Iran: The promoter of antisemitism and persecution of Jews is — eh — a Jew?

Ahmadinejad is a Jew!

Publié le Août 18, 2012
[Be patient with some of the grammatical and spelling errors. There are a few interesting points in this report]

Headlines when Ahmed-de-Jinn visited New York in 2007, to declare that Iran had no homosexuals. At all.

Mahmoud Saborjhian the son of a blacksmith, was born near Garmsar in the village of Aradanon October 28, 1956. In the 1950s, Ahmadinejad and his family moved from Aradan to Tehran in search of more economic prosperity It was during this time period that the Saborjhian family changed its name to Ahmadinejad.

About name Sabourjhian information can not be seen in wikipedia in Danish or Farsi, just in English french and German. this is important because Saborjhian is a Jewish family name, in fact the jhian is used just by non Muslim and mostly by Jews, for example there are two ric Jewish family in iran with jhian in the end of their name, they are Badamjhian and Zorofjhian.

Mohsen Rezaei is a very prominent figure in Iran, ex chif commander of the Revolutionary Guard and currently a member of the Supreme Council, He is the first to mention Ahmadinejad’s Jewish background in a public statement. which caused a shut down of the internet in Iran, Iraq and part of Pakistan for many hours until the article that was writen in farsi and in his website was taken away, so internet was back again!

Original inquiries into the subject were spurred by Persian blogger Dr. Mehdi Khazali, who secondly raised the issue of the president’s heritage during Iran’s June presidential elections. (The blog has since been deleted by the Iranian government and he was even arrested The president was asked to identify his name during a debate. Challenged by his opponent, “My full name is Mehdi Karroubi. What is your full name?” Ahmadinejad responded, but without including Sabourjian as one of his surnames.

Ahmadinejad has admitted that his family changed its name when he was young, but has provided few details. According to Iranian government documents and family members, his original family name was Sabourjian or “cloth-weavers.” That name, although present among Muslim Iranians, often indicates a minority background. Despite the official position, another former family name alleged by Ahmadinejad watchers has been Sabaghian, or “cloth-dyers.” It doesn’t matter much which name it was, given the similarity of the jobs they describe: Traditionally in Iran, both the coloring and weaving of cloth were professions left to non-Muslims as religiously unclean activities.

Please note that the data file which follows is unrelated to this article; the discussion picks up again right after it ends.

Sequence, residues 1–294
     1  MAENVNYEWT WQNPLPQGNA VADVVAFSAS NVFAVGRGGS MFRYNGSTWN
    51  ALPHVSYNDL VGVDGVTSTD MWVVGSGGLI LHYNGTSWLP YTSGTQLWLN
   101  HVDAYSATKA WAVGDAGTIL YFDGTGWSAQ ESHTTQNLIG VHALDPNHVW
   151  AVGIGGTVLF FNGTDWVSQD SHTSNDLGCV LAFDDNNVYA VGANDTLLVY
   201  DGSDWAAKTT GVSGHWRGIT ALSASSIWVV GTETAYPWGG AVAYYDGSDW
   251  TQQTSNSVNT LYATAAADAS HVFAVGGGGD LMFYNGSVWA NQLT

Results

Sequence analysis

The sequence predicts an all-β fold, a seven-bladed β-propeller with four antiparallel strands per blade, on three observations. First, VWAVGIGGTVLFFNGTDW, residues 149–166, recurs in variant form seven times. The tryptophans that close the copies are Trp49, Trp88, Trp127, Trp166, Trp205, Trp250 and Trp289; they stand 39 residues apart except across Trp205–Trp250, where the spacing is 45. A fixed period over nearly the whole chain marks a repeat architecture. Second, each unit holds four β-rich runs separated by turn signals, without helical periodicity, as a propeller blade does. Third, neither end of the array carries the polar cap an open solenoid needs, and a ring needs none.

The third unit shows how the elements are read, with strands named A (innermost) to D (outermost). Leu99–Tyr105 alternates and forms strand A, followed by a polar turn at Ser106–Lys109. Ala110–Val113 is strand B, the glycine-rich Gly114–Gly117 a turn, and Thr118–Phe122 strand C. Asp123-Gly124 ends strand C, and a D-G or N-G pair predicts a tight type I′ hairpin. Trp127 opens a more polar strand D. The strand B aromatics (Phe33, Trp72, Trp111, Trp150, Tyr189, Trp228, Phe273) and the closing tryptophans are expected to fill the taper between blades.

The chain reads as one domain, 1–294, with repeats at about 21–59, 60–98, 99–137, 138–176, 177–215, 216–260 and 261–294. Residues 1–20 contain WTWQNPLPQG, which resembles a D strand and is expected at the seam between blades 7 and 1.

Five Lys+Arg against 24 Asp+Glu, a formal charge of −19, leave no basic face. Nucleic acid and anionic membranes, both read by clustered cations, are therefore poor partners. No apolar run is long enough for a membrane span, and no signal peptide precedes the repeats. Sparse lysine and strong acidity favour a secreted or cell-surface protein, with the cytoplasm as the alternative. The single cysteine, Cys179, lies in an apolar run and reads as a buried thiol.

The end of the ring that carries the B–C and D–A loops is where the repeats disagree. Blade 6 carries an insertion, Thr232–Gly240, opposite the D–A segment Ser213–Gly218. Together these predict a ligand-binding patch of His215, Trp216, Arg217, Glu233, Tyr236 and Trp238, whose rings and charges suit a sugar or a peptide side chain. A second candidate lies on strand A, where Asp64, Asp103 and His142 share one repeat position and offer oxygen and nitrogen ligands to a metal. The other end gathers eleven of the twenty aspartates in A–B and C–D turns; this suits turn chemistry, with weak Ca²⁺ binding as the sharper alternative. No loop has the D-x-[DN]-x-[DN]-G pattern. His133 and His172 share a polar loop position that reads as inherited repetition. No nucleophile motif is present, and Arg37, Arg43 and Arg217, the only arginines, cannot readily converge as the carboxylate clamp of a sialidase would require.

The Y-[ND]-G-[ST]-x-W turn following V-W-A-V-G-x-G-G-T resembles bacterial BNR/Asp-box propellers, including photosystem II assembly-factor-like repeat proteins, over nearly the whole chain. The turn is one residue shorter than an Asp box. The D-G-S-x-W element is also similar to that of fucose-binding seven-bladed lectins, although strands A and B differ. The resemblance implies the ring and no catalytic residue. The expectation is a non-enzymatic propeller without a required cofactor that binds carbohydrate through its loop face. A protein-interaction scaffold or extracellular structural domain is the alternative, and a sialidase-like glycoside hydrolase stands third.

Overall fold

Iran’s Jewish president. No wonder he is so eager to return to the homeland.

A photograph of the Iranian president holding up his identity card during elections in March 2008 clearly shows his family has Jewish roots because the close-up of the document reveals he was previously known as Sabourjian – a Jewish name meaning cloth weaver.

The short note scrawled on the card suggests his family changed its name to Ahmadinejad when they converted to embrace Islam after his birth.

The Sabourjians traditionally hail from Aradan, Mr Ahmadinejad’s birthplace, and the name derives from “weaver of the Sabour”, the name for the Jewish Tallit shawl in Persia. The name is even on the list of reserved names for Iranian Jews compiled by Iran’s Ministry of the Interior. 

Experts suggested Mr Ahmadinejad’s track record for hate-filled attacks on Jews could be an over compensation to hide his past. 

Ali Nourizadeh, of the Centre for Arab and Iranian Studies, said: “This aspect of Mr Ahmadinejad’s background explains a lot about him. 

“Every family that converts into a different religion takes a new identity by condemning their old faith. 

“By making anti-Israeli statements he is trying to shed any suspicions about his Jewish connections. He feels vulnerable in a radical Shia society.” 

A London-based expert on Iranian Jewry said that “jian” ending to the name specifically showed the family had been practising Jews. 

“He has changed his name for religious reasons, or at least his parents had,” said the Iranian-born Jew living in London. “Sabourjian is well known Jewish name in Iran.” 

The Iranian leader has not denied his name was changed when his family moved to Tehran in the 1950s. But he has never revealed what it was change from or directly addressed the reason for the switch. 

Relatives have previously said a mixture of religious reasons and economic pressures forced his blacksmith father Ahmad to change when Mr Ahmadinejad was aged four. 

The Iranian president grew up to be a qualified engineer with a doctorate in traffic management. He served in the Revolutionary Guards militia before going on to make his name in hardline politics in the capital. 

After the revelation of this thing A spokesman of the Israeli embassy in London said it would not be drawn on Mr Ahmadinejad’s background. “It’s not something we’d talk about,” said Ron Gidor, a spokesman. 


Many Iranians who support Ahmedinejad, like Mahmoud Sabourjhian, has said:

“As Ahmadinejad claims to be from a multi-generational Shiite family, the name change in the 1950’s was unusual. It is true that, as Ahmadinejad’s relatives have noted, there was steady migration from villages to Tehran during the late 19th and 20th centuries. But urbanizing families did not tend to change their names so radically — not even to conceal humble backgrounds.

If Ahmadinejad is indeed of Jewish descent, his family’s story represents a classic pattern for religious converts: Adopt Islam, leave the hometown where people might know you as a Jew, move to a new location where blending into the Muslim population is easier, take up different occupations, and, just in case anyone were to question their confessional fidelity, demonstrate zeal for Islam by attacking their former religion and other minority faiths”


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